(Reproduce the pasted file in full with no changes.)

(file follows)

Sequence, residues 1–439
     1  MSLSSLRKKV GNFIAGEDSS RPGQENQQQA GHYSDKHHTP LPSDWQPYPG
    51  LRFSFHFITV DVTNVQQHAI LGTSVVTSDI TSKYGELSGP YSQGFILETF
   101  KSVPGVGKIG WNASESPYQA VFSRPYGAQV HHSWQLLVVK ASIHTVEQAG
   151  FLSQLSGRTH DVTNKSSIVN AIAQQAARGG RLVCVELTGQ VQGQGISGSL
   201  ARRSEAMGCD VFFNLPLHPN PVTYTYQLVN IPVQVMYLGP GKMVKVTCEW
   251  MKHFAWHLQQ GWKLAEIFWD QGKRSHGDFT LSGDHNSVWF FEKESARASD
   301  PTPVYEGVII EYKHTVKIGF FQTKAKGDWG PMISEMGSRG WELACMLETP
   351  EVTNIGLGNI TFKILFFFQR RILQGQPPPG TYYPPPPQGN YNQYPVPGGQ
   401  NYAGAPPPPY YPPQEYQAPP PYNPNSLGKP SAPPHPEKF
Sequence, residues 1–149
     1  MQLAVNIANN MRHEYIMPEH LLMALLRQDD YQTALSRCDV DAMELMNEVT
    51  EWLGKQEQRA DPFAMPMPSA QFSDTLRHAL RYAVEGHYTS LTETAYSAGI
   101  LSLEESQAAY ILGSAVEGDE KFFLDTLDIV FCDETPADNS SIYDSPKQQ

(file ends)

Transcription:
Sequence, residues 1–439
     1  MSLSSLRKKV GNFIAGEDSS RPGQENQQQA GHYSDKHHTP LPSDWQPYPG
    51  LRFSFHFITV DVTNVQQHAI LGTSVVTSDI TSKYGELSGP YSQGFILETF
   101  KSVPGVGKIG WNASESPYQA VFSRPYGAQV HHSWQLLVVK ASIHTVEQAG
   151  FLSQLSGRTH DVTNKSSIVN AIAQQAARGG RLVCVELTGQ VQGQGISGSL
   201  ARRSEAMGCD VFFNLPLHPN PVTYTYQLVN IPVQVMYLGP GKMVKVTCEW
   251  MKHFAWHLQQ GWKLAEIFWD QGKRSHGDFT LSGDHNSVWF FEKESARASD
   301  PTPVYEGVII EYKHTVKIGF FQTKAKGDWG PMISEMGSRG WELACMLETP
   351  EVTNIGLGNI TFKILFFFQR RILQGQPPPG TYYPPPPQGN YNQYPVPGGQ
   401  NYAGAPPPPY YPPQEYQAPP PYNPNSLGKP SAPPHPEKF
Sequence, residues 1–149
     1  MQLAVNIANN MRHEYIMPEH LLMALLRQDD YQTALSRCDV DAMELMNEVT
    51  EWLGKQEQRA DPFAMPMPSA QFSDTLRHAL RYAVEGHYTS LTETAYSAGI
   101  LSLEESQAAY ILGSAVEGDE KFFLDTLDIV FCDETPADNS SIYDSPKQQ